BY JOE MARVILLI
After two years of construction, the new Queens Museum will open its doors this weekend.
The $69 million expansion took over the adjacent ice rink, doubling the size of the museum to 105,000-square-feet, adding a significant amount of performance and exhibit space. The museum took the opportunity of the ice rink moving to expand, as it had reached capacity for school trips or special events. Besides the new galleries and displays, the museum is also cultivating an image of openness.
“We are embracing the history of the site and contemporary multi-cultural Queens. Our one-word mission statement is openness,” Tom Finkelpearl, executive director of the Queens Museum, said. “The idea is to really bridge across the different parts of Queens, different languages, different cultures, embracing old Queens and new Queens.”
While there have been two and a half years of construction to put the new museum together, it only had to close for the summer. In those couple of years, the ice rink has been transformed into galleries, classrooms and a giant open space that will hold exhibits, performances and activities for patrons to enjoy. The main lobby has three giant see-through windows, offering those inside a view of the Unisphere.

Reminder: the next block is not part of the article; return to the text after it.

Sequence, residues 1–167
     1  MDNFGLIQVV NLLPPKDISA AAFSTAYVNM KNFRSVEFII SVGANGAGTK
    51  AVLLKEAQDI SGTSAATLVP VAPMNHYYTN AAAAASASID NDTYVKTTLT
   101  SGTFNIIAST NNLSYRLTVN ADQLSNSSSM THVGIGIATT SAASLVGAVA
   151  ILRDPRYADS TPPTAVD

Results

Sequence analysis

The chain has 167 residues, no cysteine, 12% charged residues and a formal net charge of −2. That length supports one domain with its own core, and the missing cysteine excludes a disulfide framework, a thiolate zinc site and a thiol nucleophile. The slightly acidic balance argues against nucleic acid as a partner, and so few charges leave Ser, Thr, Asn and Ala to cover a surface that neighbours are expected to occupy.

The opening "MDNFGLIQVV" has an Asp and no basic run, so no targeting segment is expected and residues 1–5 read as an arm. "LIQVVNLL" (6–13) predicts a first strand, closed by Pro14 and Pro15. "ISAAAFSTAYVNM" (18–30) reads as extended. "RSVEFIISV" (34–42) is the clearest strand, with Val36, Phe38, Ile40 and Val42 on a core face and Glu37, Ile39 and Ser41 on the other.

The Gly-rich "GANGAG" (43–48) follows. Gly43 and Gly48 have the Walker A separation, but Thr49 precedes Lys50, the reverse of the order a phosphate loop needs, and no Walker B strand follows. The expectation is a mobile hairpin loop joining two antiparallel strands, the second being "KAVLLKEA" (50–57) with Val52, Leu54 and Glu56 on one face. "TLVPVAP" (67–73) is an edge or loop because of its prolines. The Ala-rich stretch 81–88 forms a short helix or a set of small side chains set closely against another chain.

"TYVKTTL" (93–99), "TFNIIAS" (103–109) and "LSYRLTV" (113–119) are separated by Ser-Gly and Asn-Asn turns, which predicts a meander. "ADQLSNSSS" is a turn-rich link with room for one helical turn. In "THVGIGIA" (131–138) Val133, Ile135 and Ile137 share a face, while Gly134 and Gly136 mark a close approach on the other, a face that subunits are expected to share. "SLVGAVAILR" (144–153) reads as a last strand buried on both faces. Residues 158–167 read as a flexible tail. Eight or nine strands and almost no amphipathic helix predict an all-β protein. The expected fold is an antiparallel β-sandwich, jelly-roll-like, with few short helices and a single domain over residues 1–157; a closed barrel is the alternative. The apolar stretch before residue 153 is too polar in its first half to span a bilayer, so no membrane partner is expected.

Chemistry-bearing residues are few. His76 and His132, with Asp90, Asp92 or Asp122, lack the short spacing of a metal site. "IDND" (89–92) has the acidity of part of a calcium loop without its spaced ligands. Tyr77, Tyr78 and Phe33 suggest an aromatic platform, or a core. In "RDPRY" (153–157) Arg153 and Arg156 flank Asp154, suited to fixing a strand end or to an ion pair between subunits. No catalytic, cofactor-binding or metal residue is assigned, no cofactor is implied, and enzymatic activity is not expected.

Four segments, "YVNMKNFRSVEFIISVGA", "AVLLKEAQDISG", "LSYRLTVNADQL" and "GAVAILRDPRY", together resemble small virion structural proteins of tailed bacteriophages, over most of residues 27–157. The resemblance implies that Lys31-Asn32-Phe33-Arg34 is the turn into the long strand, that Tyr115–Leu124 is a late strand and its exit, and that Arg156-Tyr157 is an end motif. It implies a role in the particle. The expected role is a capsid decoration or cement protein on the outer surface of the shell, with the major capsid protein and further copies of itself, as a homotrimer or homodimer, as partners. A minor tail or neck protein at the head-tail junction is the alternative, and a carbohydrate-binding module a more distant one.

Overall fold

The famous Panorama of the City of New York has been given a more visible space and will be joined by a long-term display of the City’s watershed.
“I believe the place is going to look open. You’d drive past on the Grand Central in the old days and it looked like kind of a relic,” Finkelpearl said. “That’s really not going to be the case now.”
For its opening, the main floor space will display two exhibits of differing viewpoints. Peter Schumann’s “The Shatterer” is his first solo museum exhibition. Schumann’s display will include two large-scale immersive installations that combine painting, drawing, papier-mâché sculpture and handmade books, rendered in black, white and grey. At the same time, Pedro Reyes’ exhibit, “The People’s United Nations (pUN),” will bring together 195 New Yorkers who are immigrants or have roots in the 195 UN member countries. On Nov. 23-24, these creative individuals will try to solve the world’s problems through theater games and social science techniques. Sculptures that address social issues will be on display. Those two exhibits will be open until the end of March.
Once the museum opens, there will still be some work to do for phase two, which will include a branch of the Queens Library and educational classrooms. That will take place a year and a half from now.
“People will walk in the door expecting something excellent and not be disappointed,” Finkelpearl said.
Reach Joe Marvilli at (718) 357-7400, Ext. 125, firstname.lastname@example.org, or @Joey788.